Almost all rubber floors are unseamed, with the rolls abutting each other. Tiles, whether interlocking or square-edged are also a popular option in both types. Built to handle abuse, the use of vulcanized rubber in gymnasiums and indoor tracks has waned recently. Meanwhile, the usage of recycled rubber flooring is gaining in popularity due to the introduction of high-content EPDM chips and the calendaring to a vinyl wear layer. Combining the look and maintenance of a vinyl wear layer with the rigidity of a rubber base mat offers a high point load resistance.
Almost all rubber flooring is unfinished and untreated at the factory. The field application of finishes are utilized to ease maintenance and will require stripping and reapplication.
An all-natural surface, the use of linoleum as a sports floor is rare, but does exist. While Europe was once home to dozens and dozens of linoleum manufacturers, linoleum is now only made by a handful of factories in the world. A seamed product offering little shock absorption without an underlayment system, the wear layer of linoleum is sturdy and rigid. The use of linoleum may be driven by its manufacturing process, as it is made entirely from renewable components. Common designs are either full color or feature a marbleized appearance.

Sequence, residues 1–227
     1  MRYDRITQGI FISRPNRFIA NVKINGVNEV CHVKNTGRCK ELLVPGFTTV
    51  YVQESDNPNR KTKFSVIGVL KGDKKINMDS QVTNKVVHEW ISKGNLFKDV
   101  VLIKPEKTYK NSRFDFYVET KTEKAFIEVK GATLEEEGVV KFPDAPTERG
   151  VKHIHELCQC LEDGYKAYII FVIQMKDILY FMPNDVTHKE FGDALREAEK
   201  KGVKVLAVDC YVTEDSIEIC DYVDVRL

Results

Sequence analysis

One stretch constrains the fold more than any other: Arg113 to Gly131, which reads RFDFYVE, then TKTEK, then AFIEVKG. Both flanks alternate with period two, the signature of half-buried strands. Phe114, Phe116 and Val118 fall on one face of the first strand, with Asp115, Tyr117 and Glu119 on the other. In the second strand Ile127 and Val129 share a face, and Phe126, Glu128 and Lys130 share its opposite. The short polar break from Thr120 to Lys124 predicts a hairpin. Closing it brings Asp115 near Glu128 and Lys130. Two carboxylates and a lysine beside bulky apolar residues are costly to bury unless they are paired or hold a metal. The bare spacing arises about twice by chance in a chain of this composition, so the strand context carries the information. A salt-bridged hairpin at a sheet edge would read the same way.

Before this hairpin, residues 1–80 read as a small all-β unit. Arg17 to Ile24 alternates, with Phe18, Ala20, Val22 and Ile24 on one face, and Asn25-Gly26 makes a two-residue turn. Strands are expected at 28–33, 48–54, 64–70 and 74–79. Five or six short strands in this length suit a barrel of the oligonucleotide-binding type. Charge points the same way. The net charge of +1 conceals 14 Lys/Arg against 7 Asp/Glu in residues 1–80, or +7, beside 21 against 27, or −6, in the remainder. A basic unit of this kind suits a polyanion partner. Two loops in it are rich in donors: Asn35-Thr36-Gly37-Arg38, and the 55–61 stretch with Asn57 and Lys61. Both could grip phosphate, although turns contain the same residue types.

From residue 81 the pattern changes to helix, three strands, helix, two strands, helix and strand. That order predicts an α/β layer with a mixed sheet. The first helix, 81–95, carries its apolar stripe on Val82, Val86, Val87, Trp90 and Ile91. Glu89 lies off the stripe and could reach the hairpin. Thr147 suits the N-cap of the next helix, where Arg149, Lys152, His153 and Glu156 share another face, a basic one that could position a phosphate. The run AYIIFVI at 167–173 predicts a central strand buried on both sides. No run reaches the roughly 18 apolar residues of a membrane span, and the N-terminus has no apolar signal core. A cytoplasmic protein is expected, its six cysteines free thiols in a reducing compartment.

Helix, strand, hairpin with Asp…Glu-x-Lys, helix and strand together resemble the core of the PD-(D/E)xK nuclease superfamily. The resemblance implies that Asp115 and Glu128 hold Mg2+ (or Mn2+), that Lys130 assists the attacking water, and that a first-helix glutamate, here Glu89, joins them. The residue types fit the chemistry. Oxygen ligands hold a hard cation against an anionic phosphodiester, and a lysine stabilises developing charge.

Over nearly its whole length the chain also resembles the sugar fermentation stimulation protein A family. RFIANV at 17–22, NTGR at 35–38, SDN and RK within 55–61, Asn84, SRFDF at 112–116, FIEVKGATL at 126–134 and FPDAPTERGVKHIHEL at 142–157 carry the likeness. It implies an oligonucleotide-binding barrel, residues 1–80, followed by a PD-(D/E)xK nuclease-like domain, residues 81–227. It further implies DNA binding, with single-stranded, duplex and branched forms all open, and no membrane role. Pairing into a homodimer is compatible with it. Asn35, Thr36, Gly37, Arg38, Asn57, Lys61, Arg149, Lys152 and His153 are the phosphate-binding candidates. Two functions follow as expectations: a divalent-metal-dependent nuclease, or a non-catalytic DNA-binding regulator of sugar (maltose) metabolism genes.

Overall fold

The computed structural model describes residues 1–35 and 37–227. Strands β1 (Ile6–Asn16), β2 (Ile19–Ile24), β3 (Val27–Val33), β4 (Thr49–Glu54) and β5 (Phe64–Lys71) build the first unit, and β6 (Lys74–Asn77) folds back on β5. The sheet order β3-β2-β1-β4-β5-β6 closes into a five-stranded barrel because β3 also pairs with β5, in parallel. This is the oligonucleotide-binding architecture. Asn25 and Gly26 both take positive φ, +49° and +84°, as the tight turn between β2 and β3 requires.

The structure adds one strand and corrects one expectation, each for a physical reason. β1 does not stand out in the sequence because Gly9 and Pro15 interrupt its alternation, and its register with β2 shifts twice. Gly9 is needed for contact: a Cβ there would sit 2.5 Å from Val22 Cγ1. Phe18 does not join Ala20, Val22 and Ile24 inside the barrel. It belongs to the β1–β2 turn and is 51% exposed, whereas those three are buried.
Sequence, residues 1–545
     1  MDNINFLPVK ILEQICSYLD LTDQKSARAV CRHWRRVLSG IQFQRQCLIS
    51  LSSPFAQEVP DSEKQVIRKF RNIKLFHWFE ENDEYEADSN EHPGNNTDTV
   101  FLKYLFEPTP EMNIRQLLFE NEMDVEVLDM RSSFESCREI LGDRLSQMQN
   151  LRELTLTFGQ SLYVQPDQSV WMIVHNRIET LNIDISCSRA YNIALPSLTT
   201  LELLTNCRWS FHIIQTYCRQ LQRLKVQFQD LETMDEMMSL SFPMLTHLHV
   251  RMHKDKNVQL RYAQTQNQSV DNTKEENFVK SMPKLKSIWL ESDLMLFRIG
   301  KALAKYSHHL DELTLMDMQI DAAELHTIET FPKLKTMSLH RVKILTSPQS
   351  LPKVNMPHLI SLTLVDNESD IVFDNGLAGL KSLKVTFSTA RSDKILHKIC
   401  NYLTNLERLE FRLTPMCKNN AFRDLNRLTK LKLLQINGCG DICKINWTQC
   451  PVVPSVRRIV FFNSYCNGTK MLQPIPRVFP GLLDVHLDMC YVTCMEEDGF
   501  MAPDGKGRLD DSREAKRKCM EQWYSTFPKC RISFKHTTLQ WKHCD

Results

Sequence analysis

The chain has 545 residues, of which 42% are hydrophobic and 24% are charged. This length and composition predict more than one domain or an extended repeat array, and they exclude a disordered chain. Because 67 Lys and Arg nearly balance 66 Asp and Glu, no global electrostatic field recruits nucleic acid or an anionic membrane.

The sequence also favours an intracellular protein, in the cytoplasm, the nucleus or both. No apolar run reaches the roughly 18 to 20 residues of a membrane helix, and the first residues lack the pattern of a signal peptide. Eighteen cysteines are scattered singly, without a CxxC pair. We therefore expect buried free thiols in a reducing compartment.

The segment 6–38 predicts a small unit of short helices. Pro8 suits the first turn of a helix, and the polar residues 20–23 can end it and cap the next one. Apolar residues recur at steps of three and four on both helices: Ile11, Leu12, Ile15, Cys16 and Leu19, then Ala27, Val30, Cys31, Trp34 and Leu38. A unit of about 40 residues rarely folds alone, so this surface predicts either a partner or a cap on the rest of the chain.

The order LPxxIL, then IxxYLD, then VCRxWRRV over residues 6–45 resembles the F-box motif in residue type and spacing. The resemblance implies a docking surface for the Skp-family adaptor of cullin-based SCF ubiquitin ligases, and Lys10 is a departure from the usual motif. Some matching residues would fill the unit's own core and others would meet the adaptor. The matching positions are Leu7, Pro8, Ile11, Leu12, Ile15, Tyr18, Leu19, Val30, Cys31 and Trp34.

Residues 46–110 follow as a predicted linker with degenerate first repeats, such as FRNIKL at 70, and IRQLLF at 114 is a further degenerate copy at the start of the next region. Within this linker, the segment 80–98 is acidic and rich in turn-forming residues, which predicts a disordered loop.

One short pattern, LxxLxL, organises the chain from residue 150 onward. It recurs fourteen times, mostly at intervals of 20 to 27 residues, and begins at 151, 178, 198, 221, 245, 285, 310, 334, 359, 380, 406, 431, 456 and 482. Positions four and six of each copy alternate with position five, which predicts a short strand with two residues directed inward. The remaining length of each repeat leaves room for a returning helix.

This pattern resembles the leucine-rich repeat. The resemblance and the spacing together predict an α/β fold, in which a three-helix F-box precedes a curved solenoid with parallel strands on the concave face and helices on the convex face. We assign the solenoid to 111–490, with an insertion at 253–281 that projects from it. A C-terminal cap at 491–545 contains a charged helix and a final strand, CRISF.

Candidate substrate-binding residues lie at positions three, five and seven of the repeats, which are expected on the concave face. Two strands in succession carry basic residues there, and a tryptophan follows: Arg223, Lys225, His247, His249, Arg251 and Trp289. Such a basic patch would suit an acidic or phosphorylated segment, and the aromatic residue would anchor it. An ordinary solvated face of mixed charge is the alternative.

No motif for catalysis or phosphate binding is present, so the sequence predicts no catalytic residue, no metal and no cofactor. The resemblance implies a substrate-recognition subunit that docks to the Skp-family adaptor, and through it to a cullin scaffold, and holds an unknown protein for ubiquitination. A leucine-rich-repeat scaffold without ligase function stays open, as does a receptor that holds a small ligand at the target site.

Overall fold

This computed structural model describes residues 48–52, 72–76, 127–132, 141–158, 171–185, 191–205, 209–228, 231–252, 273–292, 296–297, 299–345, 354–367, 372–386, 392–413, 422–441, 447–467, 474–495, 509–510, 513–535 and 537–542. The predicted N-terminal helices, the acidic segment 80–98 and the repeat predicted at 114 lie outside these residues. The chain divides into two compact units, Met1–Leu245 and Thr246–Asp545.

Typically, linoleum is unfinished from the factory, and a field finish must be periodically applied, stripped and reapplied similar to VCT. Factory urethane prefinished linoleum has seen a rise in popularity and with it, an increased interest in usage, as maintenance of linoleum can be difficult.
Polypropylene (PP) is a thermoplastic polymer used to create interlocking, modular tiles. Offering no shock absorption without the introduction of a recycled rubber pad underneath, PP tiles tend to be a budget-conscious solution for sports flooring.